Tony Tomeo: Potted plants for Christmas color

Poinsettias only come out at Christmas.

After all the Christmas decorations get put away for next year, and the Christmas tree eventually gets undressed from all its ornaments and retired to the compost pile or green waste, all the pretty seasonal potted plants remain.

Some will bloom, or at least maintain their current bloom, for months. Some might eventually get planted out in the garden. Others might stay potted in the home.

Poinsettias are the epitome of seasonal potted plants for Christmas. Their flashy red bracts last a very long time, even after the tiny yellow flowers are gone. Some are pink, white, pale yellow, peachy, marbled or spotted. They can be grown as foliar houseplants, but will not likely bloom next Christmas. If protected from frost in the garden, they get tall and lanky, and bloom in January.

Christmas cactus is an excellent potted plant either indoors or out where protected from frost. The pendulous growth cascades nicely from a hanging pot. It blooms in phases, but does not stick to a tight schedule.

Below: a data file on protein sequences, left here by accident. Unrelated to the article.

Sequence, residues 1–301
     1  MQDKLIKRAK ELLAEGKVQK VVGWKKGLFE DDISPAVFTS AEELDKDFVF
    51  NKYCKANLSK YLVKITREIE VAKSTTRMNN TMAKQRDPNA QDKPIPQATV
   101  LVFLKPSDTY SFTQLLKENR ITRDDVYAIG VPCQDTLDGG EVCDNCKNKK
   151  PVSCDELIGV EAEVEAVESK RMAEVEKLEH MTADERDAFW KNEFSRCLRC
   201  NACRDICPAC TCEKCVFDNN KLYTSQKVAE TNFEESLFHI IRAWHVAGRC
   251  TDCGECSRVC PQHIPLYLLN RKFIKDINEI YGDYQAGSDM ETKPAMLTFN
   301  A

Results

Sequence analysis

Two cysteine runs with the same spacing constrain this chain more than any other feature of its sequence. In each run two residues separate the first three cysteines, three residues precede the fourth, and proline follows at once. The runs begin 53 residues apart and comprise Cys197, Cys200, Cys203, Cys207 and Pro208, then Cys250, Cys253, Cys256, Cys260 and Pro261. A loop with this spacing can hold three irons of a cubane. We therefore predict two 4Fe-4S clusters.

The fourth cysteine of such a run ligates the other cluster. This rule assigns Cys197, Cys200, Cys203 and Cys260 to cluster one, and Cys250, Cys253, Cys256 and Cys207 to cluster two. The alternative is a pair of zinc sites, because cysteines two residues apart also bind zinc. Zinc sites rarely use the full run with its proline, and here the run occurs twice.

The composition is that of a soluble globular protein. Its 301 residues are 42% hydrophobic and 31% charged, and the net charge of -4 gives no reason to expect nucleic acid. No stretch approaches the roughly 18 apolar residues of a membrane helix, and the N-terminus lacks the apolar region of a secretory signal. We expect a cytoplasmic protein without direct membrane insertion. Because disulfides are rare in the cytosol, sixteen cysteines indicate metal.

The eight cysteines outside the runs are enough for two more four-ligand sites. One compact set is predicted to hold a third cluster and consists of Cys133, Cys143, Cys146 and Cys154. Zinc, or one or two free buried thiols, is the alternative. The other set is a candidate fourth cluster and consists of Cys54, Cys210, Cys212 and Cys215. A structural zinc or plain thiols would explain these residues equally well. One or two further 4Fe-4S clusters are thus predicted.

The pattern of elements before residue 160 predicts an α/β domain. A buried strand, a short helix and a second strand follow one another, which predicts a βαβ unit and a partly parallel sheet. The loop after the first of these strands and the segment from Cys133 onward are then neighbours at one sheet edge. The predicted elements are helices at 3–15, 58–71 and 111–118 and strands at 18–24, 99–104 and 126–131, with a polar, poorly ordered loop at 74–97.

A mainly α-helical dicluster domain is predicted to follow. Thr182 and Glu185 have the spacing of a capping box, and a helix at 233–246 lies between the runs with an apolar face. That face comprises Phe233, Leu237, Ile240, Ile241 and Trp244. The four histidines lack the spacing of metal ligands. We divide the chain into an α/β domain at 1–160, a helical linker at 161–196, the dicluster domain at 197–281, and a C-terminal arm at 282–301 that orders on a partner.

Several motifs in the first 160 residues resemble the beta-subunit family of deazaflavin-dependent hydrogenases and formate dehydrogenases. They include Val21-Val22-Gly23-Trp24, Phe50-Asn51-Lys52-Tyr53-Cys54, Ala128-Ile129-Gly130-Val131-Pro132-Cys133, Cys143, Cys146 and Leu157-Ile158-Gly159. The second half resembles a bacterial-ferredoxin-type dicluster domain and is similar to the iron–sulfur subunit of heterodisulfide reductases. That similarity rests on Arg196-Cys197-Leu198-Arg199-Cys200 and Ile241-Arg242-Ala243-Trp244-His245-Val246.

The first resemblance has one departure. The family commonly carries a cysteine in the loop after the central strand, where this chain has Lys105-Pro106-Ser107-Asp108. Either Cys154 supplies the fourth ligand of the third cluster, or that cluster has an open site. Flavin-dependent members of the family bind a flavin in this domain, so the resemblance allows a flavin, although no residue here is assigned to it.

Amaryllis should also stay potted only because it does not do well in the garden over winter. Foliage that develops after bloom will die back next autumn before bloom next winter.

Holly and azalea can be planted directly into the garden where appropriate. Azalea will probably look shabby until it gets new growth.

Cyclamen is a perennial in the garden, but dies back over summer. It just might come back with a surprise in autumn.

Paperwhite narcissus is perennial, too, but exhausts its resources on bloom, so takes a year or more to recover before blooming again.

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Small living Christmas trees are more variable than they seem. Rosemary can either be kept potted and shorn, or planted into the garden and allowed to grow wild or into another form. Dwarf Alberta spruce can likewise stay potted or get planted into the garden, but needs no shearing.

Both rosemary and dwarf Alberta spruce will want larger pots as they grow.

Italian stone pine and Canary Island pine grow into large shady trees, so should only be planted into spacious landscapes that can accommodate them.

Horticulturist Tony Tomeo can be contacted at tonytomeo.wordpress.com.

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